This book won Canada Reads in 2005. It would have been interesting to hear the competition and defenses.

World Book Day

April 23 is World Book Day. It’s been organized by UNESCO to promote literacy and publishing. The date traces back to Spain in 1923, where they wanted to honour author Miguel Cervantes who died on this date. Also, it’s the birth and death date of William Shakespeare. Wikipedia has an odd trivia fact about these two authors who died on the same date in 1616. Cervantes actually died 10 days earlier because Spain did not use the same calendar that England did (Gregorian Vs Julian). Not every country celebrates it on the same date but many countries do mark a date for it.

So today, read a book to or with your kids. Visit a library. Or why not read a classic book? I’ve got Rockbound by Canadian author Frank Parker Day on the go (stay tuned for review when I’m done). That was written in 1928 and takes place in a small fishing village on a tiny island off the coast of Nova Scotia, a kind of David vs Goliath story, Goliath being either the antagonist of the story or the force of the sea. Or both. I like to try to read a few classics ever year, either Canadian classics or others.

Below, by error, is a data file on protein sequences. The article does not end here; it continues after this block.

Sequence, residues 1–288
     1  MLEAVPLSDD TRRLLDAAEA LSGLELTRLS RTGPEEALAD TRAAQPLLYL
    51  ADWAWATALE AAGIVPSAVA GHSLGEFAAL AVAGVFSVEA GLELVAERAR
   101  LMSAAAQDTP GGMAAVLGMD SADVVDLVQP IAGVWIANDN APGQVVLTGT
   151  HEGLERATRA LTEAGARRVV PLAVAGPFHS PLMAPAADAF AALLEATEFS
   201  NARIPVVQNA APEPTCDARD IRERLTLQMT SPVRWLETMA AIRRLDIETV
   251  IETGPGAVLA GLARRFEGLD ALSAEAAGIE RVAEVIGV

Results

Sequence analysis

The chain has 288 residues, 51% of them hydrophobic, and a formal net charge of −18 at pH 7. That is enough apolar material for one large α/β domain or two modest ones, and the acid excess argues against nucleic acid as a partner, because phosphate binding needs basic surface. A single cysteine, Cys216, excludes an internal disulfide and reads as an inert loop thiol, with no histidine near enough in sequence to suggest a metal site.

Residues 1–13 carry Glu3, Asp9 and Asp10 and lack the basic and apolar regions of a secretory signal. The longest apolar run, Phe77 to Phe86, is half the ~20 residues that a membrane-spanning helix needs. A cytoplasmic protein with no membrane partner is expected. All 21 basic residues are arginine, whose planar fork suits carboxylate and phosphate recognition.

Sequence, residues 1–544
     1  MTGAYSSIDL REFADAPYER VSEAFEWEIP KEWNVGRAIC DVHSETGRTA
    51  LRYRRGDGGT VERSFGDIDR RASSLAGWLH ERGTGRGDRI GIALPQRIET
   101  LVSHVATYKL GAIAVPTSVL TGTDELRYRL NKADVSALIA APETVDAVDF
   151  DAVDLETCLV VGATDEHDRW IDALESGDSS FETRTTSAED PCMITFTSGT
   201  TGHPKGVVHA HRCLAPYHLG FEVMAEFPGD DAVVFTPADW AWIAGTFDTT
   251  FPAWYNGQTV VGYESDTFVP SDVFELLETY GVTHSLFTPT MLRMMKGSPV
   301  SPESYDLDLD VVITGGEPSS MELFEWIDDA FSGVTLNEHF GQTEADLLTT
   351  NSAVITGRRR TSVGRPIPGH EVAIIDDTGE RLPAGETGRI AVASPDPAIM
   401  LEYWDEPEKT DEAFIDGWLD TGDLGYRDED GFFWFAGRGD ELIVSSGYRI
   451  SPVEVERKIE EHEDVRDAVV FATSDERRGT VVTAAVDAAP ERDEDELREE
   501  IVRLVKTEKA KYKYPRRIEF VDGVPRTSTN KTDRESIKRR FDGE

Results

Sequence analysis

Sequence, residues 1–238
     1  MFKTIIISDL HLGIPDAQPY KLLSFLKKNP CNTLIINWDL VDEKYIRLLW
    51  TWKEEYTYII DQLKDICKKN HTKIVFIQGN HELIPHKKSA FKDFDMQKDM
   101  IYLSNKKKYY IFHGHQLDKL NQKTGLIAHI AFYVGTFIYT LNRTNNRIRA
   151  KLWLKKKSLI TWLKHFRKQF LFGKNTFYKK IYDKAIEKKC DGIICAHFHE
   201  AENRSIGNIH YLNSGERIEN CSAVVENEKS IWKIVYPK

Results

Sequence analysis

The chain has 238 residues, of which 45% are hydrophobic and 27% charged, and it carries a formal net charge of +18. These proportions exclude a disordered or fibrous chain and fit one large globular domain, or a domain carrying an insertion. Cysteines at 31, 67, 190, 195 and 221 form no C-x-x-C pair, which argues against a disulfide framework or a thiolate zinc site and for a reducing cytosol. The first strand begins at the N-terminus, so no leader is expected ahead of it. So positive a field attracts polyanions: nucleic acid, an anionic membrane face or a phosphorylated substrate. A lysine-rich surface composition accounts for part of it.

There is this list from CBC on the 100 Novels that make you proud to be a Canadian. There are a lot of great books on there, both by authors that are Canadian literature royalty and new, exciting authors. My favourites from the list are: Fall On Your Knees by Ann-Marie MacDonald which I’m planning to reread this year, Annabel by Kathleen Winter, Galore by Michael Crummey (or anything by him), The Book of Negroes by Lawrence Hill, The Outlander by Gill Adamson, and oh gosh, there really are a lot of good books on that list, and I’ve only read about a third of them.